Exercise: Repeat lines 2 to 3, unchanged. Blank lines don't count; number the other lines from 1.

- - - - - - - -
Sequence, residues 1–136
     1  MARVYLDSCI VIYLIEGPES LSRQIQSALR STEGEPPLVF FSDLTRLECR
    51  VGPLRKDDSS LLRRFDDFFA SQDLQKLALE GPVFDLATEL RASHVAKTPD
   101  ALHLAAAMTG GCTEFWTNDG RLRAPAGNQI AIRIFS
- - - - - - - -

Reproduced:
     1  MARVYLDSCI VIYLIEGPES LSRQIQSALR STEGEPPLVF FSDLTRLECR
    51  VGPLRKDDSS LLRRFDDFFA SQDLQKLALE GPVFDLATEL RASHVAKTPD